History

                     
 
 

"The way it used to be?"
St Michael's School, 1852 to the Present.

 
   
 
   
 
     
 

The history of the school is an extract from a booklet written, edited and produced by Teachers and Pupils at the school. A9 St Michael's School 1996

In 1565 Sir Roger Cholmeley had founded a boys Grammar School in Highgate, and in 1733 the Highgate Girls Charity School had been established by Mr Edward Pauncefoote in Southwood Lane. In 1833 a National School for boys and girls was built next door in Southwood Lane, to accommodate increasing numbers of children who could not get into the Grammar School (which now charged fees), or the Charity School (which was too small). The Highgate National school held 160 children but even so it was overflowing; an 1850 Inspector's Report criticised the accommodation, drainage, heating, ventilation, and play-space - the boys' play space was too small, and the girls had none. The children played in the street, and there was no house for the Head Teacher. The site was too small for any improvement. Thus it was that in 1850 a "numerously attended Meeting" got together in emergency session and issued a memorable statement:

 
   
 
   
     
   
 
     
 


Local magistrate and educationalist Harry Chester was a key organiser and fundraiser, bringing in a crucial £1,400 grant from the Privy Council. The London Diocesan Board, "though unable to make a grant", gave its "cordial approval". The citizens of Highgate, Muswell Hill and Kentish Town gave generously, from the pennies and farthings from the Grammar School boys, to the £400 of Miss Burdett Coutts who then lived at Holly Lodge. The purchase of 4 acres on North Hill from the Bishop of London for £135 went well; but there were then "great difficulties" arising from a late decision to move the school back from the road to its present site, and having to buy access land and build deeper foundations. In July 1852 the St Michael's National and Industrial School was opened at a total cost, including equipment, of £6,700 - rather more than the £3,000 originally estimated, and very much more than he £500 it cost to build the old National School. The architect was Anthony Salvin, and the result was a model school which became quite famous in its early years. As Joan Schwitzer has said  "For a decade the school was a showplace. Lord Mansfield chaired the Annual Meetings when the grounds were thrown open to subscribers and parents. Lady Burdett Coutts ... came to call ... Local maiden ladies helped with the teaching." In 1857 an Industrial Act was passed giving grants for Boarding Schools for the care of children in need, the main object of which was to provide training (as a begging-letter from the 1850 St Michael's Sub-Committee put it) of "elder girls in Household-work, Washing, Cooking &c ... [with] boys in Out-door pursuits, and qualified for employment, as Cottagers, Farm-Labourers, Gardeners, Mechanics, or Emigrants". There was considerable scope for this type of work in the large houses of Highgate, and the great support shown by the Annual Subscription Lists makes it clear that the wealthy inhabitants were very willing to support such a worthy cause, and incidentally provide themselves with a regular supply of excellent domestic servants. So St Michael's in its early years took in boardersas well as day pupils; it is not known when precisely the boarders were given up. From the 1860's the school gradually transformed itself (says Joan Schwitzer) into "a more conventional elementary and finally primary school, albeit with unusually spacious playing fields, play-grounds,  resident staff accommodation and garden plots which were still being cultivated for annual prizes in the nineteen forties."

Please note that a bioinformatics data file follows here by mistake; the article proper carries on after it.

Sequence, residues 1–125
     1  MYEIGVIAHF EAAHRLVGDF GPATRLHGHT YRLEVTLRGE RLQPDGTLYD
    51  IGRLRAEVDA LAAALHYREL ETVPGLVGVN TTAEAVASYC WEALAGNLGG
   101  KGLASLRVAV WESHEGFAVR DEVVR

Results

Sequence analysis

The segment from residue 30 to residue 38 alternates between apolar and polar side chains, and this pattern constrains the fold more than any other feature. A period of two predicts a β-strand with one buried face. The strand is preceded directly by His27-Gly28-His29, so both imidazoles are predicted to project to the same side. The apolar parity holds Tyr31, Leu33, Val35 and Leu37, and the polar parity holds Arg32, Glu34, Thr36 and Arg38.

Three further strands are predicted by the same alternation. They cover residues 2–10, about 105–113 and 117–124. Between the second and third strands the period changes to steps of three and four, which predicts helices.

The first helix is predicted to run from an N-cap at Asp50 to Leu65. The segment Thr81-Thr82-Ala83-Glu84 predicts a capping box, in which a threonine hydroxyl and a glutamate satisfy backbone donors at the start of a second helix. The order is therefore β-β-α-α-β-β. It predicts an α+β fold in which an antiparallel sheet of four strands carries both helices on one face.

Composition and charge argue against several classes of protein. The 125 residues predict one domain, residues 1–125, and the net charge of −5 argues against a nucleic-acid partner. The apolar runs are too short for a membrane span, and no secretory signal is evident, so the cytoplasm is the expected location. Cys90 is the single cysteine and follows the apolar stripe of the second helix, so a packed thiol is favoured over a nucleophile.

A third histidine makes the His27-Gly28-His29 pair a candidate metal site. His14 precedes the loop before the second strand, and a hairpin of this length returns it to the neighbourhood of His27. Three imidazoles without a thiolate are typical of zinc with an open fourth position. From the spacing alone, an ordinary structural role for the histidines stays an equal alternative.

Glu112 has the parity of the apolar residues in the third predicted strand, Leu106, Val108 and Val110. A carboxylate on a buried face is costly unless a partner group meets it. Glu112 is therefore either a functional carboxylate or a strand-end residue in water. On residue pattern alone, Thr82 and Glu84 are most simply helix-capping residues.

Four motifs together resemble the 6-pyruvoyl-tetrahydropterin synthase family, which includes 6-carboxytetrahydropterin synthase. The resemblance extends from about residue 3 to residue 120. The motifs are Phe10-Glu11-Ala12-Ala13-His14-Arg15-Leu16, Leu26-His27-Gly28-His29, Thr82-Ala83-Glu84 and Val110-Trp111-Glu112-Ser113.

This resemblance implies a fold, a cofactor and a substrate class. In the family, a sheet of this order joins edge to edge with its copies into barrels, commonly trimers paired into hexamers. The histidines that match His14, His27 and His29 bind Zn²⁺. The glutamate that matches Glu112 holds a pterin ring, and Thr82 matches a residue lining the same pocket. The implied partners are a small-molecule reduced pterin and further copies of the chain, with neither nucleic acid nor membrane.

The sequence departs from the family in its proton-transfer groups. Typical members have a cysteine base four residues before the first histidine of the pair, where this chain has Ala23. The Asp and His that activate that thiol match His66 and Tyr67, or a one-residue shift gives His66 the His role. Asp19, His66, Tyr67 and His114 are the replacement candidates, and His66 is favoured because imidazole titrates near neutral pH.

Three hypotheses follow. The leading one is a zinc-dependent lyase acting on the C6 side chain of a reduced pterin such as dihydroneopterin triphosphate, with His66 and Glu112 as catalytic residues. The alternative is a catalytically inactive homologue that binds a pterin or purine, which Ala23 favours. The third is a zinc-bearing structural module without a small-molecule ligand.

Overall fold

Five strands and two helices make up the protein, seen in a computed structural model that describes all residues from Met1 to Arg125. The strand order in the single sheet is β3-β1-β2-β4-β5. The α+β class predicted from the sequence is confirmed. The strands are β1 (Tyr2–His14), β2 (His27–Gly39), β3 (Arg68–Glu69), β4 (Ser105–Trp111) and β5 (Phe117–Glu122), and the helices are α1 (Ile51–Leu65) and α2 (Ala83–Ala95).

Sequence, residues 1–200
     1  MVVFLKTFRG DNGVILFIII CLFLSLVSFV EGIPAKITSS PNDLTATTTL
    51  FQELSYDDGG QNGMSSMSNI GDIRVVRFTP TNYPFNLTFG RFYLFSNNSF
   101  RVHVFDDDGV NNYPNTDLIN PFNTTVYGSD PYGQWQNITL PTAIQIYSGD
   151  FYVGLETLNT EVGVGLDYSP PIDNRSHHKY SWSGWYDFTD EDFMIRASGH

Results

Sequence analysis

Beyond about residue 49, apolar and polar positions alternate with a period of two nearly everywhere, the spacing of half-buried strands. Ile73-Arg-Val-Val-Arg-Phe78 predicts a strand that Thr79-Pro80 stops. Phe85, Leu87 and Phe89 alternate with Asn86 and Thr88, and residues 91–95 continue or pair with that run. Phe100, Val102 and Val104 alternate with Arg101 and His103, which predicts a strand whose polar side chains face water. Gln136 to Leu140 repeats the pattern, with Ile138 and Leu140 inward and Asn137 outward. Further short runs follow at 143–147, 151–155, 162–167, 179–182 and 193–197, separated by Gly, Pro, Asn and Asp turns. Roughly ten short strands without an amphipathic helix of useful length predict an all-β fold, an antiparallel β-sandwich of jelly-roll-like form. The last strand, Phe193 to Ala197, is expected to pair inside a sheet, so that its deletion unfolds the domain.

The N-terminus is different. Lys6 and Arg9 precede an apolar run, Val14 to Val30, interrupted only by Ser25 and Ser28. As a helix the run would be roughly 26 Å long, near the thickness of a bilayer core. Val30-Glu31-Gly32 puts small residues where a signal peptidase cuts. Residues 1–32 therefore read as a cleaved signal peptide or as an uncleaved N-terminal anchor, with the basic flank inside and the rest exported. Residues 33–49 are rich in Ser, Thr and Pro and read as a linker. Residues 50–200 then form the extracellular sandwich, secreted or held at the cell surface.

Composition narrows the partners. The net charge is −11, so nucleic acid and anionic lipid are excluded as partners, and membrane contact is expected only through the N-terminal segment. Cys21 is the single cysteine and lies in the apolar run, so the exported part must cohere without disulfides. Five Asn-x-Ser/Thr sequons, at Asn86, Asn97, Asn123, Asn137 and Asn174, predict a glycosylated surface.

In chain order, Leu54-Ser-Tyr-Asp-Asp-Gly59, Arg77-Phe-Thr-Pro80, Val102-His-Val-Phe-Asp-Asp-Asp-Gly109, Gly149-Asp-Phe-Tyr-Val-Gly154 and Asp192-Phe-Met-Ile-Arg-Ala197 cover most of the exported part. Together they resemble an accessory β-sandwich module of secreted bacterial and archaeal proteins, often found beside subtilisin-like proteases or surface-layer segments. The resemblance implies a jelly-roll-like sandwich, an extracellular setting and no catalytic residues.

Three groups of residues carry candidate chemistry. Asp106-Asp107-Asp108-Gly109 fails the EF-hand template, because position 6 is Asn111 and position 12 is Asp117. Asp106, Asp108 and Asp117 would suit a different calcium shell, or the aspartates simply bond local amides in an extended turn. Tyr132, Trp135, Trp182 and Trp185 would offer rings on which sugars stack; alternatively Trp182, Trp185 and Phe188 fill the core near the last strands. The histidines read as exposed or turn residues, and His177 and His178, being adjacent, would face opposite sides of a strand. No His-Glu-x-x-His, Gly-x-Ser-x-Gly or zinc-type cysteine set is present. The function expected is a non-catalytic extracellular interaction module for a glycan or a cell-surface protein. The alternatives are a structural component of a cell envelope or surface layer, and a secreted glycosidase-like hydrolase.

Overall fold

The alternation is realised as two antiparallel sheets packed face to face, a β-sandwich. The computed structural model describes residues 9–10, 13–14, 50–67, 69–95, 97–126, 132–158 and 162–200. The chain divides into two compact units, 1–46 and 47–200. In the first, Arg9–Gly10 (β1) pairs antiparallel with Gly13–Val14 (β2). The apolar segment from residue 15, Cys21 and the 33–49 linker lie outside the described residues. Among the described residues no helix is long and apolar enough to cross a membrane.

The buildings themselves consisted of Boys', Girls' and Infants' Schools, or schoolrooms (see Plan). The Infants' Schoolroom was under the dormitory area: originally the dormitories were occupied by staff and pupil teachers, but they were then converted into 16 cubicles for room should be as comfortable and pleasing as possible, with a few bright maps, a few good diagrams, a few well-chosen texts on the wall. Texts such as "Our God is a consuming fire" and "All liars shall burn in the lake that burneth with fire and brimstone" are to be avoided. The school should provide washing facilities, but not on a large scale as the children should come to the school with clean hands. There should also be small gardens, a pigsty, rabbit hutches, beehives, hen runs and a wash-house and laundry. The children should be encouraged to make and classify a natural history section, learn drawing and have the opportunity of practising music, vocal and instrumental." By the end of the century the school had settled down to its average number of 200 pupils, which it maintained until extra classrooms were added after the 2nd World War. There was one pupil teacher for the boys, two in the girls' room, and one infant teacher. In 1890the curriculum included Drill, History, Geography and Singing. The infants had Object lessons on such things as Air, Water, or Nature. This syllabus was probably not much different from the original and is in its essence is still continued today (with, or course, many additions). The main change is that the teachers no longer expect the children to help maintain the school!

 
   
 
   
     
   
   
 
   
     
     
   
   
     
   


 
Top! Top!